Former Rep. Anthony Weiner, D-N.Y., has said he might jump into the crowded Democratic primary field for the New York City mayoral race, but if he takes the plunge, he would begin the race in a distant second place, with more voters viewing him unfavorably than favorably, according to a new poll from Quinnipiac University.
Weiner nets the support of 15 percent of respondents in the survey, just over half of the support enjoyed by City Council Speaker Christine Quinn, who leads the pack at 28 percent. Public Advocate Bill de Blasio is close behind Weiner with 11 percent, former City Comptroller William Thompson is at 10 percent, and current City Comptroller John Liu earns 9 percent.
A former congressman from Queens, Weiner resigned in disgrace in 2011 after revelations that he sent lewd photos of himself to women using Twitter.
The poll, which surveyed 1,161 New York City voters between April 15 and 18 and had a margin of error of plus or minus 2.9 percentage points, also finds a gender gap in support for the various candidates: Quinn, the only female in the field, earns the support of 31 percent of women and 24 percent of men, while Weiner earns the support of 20 percent of men but only 12 percent of women.
In addition, Weiner's favorability ratings are upside down: 33 percent of respondents view him favorably, while 41 percent view him unfavorably. Quinn, by contrast, is viewed favorably by 45 percent of respondents and unfavorably by only 27 percent.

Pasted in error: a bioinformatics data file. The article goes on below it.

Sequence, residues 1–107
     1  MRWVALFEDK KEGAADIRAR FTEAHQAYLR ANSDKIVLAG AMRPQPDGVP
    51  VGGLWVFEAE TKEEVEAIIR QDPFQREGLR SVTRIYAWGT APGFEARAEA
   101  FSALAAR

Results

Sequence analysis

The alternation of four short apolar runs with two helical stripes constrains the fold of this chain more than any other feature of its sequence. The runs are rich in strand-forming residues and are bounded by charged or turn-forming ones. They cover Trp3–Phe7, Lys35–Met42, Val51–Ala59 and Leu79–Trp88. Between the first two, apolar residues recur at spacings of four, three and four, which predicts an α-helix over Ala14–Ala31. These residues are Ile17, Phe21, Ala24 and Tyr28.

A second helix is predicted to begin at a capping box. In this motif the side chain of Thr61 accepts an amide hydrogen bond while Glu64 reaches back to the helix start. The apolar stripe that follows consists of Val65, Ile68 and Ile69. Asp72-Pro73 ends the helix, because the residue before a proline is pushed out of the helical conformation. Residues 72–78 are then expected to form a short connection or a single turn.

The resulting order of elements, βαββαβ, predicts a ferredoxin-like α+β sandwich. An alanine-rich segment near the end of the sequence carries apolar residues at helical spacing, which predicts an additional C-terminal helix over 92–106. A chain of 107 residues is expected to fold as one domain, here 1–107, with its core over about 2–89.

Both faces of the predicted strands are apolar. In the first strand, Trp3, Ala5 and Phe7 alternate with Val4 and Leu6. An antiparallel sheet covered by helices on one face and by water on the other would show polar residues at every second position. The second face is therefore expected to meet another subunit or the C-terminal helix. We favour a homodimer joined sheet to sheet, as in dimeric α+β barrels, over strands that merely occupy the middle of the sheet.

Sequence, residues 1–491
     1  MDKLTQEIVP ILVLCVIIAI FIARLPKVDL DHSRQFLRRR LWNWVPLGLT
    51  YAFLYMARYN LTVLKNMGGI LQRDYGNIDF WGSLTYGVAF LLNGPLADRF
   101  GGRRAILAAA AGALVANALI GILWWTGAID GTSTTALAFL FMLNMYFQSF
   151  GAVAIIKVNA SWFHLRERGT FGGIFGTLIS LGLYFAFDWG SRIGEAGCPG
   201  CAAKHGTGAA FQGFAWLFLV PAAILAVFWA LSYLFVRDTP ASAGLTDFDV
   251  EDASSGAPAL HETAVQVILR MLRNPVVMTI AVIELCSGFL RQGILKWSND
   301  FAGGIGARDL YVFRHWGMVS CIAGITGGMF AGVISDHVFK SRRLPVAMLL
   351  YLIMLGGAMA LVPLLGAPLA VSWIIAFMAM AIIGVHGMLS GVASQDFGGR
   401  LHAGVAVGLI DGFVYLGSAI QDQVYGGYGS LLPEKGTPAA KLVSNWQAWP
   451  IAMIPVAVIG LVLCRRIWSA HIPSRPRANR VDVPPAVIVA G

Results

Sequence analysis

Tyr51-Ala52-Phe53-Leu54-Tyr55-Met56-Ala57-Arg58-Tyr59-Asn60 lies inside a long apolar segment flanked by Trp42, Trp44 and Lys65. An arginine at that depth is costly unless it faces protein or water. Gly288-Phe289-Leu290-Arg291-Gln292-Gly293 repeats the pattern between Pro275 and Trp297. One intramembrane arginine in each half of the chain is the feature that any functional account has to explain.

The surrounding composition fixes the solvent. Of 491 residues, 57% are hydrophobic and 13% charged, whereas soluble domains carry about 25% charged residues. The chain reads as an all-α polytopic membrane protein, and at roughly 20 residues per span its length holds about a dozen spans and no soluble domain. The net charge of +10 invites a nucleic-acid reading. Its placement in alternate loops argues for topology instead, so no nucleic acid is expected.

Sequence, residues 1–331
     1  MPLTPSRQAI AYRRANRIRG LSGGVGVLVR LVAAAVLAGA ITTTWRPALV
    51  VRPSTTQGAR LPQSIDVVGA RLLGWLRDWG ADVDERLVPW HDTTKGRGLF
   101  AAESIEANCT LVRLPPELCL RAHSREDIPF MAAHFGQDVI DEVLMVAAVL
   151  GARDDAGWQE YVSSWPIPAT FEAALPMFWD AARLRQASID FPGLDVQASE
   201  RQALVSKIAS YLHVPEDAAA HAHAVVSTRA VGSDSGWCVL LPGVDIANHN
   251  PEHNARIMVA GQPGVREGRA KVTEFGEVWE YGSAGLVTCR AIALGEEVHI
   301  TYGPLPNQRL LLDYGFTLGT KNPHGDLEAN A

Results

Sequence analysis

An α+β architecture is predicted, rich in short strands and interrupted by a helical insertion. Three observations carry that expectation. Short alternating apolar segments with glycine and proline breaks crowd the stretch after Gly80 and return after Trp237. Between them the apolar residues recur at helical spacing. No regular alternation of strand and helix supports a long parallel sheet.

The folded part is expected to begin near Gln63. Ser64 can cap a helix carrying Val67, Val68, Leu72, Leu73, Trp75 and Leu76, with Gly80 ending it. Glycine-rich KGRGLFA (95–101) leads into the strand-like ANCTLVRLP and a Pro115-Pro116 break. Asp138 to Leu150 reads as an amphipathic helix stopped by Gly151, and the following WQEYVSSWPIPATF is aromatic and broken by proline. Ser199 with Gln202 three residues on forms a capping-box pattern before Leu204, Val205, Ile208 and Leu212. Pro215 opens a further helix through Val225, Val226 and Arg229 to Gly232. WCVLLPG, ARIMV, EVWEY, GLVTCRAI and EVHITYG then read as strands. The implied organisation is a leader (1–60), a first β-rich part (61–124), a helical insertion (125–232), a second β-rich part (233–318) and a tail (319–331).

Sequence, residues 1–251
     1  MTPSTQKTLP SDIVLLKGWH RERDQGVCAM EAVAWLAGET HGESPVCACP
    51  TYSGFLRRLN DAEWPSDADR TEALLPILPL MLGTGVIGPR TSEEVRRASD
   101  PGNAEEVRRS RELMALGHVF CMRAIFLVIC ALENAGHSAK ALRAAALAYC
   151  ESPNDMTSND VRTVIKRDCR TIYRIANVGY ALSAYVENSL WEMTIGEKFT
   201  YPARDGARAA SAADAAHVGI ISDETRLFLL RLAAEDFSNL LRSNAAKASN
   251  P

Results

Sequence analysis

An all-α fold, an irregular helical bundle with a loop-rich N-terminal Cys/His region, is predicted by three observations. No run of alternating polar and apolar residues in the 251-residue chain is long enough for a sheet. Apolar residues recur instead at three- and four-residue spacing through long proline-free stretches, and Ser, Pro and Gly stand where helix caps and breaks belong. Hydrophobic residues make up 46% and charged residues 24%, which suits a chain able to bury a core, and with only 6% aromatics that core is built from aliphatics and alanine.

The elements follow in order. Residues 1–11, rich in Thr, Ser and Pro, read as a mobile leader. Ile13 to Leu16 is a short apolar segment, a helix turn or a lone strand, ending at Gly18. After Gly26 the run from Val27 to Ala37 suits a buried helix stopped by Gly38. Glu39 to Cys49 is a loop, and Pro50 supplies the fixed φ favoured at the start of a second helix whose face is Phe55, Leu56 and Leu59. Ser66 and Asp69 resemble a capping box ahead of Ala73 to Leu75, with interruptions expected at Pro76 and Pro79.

"The Democratic primary for New York City mayor still looks like Council Speaker Christine Quinn versus the guys," said Maurice Carroll, director of the Quinnipiac's polling institute. "With his better name recognition, former Congressman Anthony Weiner jumps into the mix at 15 percent. With his negatives, however, the question is whether he can get much higher."
If none of the candidates receive more than 40 percent of the primary vote, the top two finishers enter a runoff - an outcome that would be significantly more likely with Weiner in the mix, according to Carroll, and could provide the former congressman with his strongest shot at the nomination.
Whichever Democrat claims the nomination will face off against likely Republican nominee, former Metropolitan Transportation Authority Chair Joseph Lhota, in the general election on November 5.
After his scandal and departure from Congress, Weiner spent a brief period mostly out of the public eye, but he emerged earlier this month to voice his interest in a potential mayoral bid in an interview with the New York Times.
Running for office "is not the single animating force in my life as it was for quite some time," Weiner said, "But I do recognize, to some degree, it's now or never for me."